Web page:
Recalling the early days of computers, large mainframes were used for serious tasks like missile trajectory calculations during the day. At night, enthusiasts would experiment with these machines, conjuring imaginary worlds of cave networks or empires, continuously discovering more engaging problems. This exploratory process mirrors our ongoing quest to understand computers and software, akin to our historical engagement with games like backgammon and chess. We’ve always been fascinated by the challenge of rearranging symbols, pushing the limits of our understanding, and solving puzzles.

Video games continue this exploration, delving into unfinished business. We’re still in the process of figuring out what we’re doing with them, learning, and adapting as we go.

Q: Should we look at games as representations of thought?

[Frank Lantz]: I see games as psychology experiments that we conduct on ourselves. This realization struck me while playing Sudoku. When you first encounter Sudoku, you’re acutely aware of the rules you’re applying to solve the puzzle. It’s a conscious effort, like turning a crank and watching the puzzle get solved. However, as you progress, those initial heuristics, those rules of thumb, become internalized. You stop being aware of them; they become second nature, and you start focusing on more subtle, higher-level heuristics. This process of internalization continues, advancing to ever more complex levels.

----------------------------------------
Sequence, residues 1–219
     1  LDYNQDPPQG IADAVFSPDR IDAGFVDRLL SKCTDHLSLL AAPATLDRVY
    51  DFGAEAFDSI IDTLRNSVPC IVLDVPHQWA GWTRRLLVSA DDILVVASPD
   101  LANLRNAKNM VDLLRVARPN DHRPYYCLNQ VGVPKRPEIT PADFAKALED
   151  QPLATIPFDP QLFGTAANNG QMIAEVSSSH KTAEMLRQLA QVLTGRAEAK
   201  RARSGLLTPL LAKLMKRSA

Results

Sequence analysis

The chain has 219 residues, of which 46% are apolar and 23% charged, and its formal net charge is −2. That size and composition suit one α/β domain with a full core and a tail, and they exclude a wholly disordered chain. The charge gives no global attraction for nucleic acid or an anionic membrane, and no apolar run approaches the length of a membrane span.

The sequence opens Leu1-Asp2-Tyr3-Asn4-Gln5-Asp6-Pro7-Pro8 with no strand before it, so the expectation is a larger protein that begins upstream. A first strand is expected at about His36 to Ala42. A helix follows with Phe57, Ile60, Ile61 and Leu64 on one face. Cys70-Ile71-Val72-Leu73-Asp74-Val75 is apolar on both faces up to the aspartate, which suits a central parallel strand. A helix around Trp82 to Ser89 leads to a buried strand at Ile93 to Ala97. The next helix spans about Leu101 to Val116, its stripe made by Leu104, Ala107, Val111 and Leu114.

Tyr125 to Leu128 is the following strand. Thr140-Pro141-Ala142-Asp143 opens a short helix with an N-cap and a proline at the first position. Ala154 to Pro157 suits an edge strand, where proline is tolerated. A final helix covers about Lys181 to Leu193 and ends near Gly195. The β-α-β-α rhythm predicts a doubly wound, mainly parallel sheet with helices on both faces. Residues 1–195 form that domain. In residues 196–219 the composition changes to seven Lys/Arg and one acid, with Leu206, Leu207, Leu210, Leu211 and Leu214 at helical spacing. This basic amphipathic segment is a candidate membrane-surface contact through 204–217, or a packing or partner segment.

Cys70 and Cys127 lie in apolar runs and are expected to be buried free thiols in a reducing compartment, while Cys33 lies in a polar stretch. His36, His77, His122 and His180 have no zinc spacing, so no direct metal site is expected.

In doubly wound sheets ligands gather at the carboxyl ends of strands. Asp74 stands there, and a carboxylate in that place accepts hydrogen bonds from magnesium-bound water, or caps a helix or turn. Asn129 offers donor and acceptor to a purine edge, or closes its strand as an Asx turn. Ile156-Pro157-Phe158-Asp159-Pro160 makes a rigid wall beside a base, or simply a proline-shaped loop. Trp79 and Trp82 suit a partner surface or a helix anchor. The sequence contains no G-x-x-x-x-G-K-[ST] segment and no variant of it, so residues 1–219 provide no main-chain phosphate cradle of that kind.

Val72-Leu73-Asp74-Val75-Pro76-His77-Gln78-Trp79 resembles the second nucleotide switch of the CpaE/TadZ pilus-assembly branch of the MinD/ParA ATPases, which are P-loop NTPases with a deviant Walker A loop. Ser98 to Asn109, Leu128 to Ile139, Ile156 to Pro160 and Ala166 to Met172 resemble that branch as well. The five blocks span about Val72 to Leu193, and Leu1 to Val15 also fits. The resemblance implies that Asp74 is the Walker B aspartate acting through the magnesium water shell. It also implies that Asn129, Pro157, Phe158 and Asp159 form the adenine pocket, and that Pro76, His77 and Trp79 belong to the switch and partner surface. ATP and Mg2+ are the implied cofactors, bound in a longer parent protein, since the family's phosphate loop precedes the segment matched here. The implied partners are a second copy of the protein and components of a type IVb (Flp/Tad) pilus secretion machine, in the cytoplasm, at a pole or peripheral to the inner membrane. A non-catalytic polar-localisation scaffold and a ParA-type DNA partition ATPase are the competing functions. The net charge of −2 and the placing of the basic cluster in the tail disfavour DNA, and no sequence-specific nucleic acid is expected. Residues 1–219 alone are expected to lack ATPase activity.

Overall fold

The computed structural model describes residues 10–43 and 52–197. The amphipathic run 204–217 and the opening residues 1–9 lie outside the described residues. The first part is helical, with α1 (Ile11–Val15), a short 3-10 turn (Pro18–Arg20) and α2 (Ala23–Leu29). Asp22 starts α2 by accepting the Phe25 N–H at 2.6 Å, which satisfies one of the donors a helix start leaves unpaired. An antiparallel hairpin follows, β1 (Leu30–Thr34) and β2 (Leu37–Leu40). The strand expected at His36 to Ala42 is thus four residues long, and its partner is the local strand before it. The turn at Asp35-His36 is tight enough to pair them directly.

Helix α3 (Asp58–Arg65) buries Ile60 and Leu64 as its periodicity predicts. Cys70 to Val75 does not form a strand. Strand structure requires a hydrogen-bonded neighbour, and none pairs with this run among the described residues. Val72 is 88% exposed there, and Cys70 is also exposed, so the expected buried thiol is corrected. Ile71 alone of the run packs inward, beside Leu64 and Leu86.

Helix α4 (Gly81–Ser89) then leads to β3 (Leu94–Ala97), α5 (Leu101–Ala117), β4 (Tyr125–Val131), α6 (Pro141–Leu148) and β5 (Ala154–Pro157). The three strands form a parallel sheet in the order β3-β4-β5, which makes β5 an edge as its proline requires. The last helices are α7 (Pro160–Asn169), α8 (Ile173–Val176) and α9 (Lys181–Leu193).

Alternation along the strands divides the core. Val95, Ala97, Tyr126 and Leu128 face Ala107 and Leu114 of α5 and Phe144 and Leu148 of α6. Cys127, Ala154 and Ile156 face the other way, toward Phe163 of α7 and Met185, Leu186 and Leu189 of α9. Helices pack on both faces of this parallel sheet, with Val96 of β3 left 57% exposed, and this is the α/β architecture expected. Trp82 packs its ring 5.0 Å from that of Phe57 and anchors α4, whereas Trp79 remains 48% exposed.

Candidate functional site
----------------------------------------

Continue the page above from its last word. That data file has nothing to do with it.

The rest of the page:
It’s fascinating because this is what our brains are always doing. They’re constantly identifying patterns, trying to understand the world, predicting what happens next, and minimizing surprise. Some theories suggest this is how consciousness works. In games, this intricate process becomes visible, something we’re usually completely unaware of. It’s akin to the moment when you take off your glasses to check if they need cleaning or adjusting. Most of the time, we just see through our glasses without noticing them.

In poker, for instance, there’s the concept of ‘leaks’—flaws in your thinking that cause you to lose money. Identifying these leaks involves a dual process of playing the game and simultaneously analysing your own decision-making. This aspect of games, the potential for self-awareness and improvement, often goes unnoticed. Games are not just a source of entertainment; they can be a tool for self-improvement, a way to understand decision-making and break free from suboptimal patterns.

The initial lesson in any game is that natural talent alone isn’t enough. Every time I encounter a new game, I think I might be naturally good at it, but that’s rarely the case. However, the truth is empowering: with effort, you can become proficient at any game. This lesson in self-improvement and effort is profound, and it’s something I encourage people to explore.

[Vikas: and what about- therefore- the cultural ‘status’ of games?]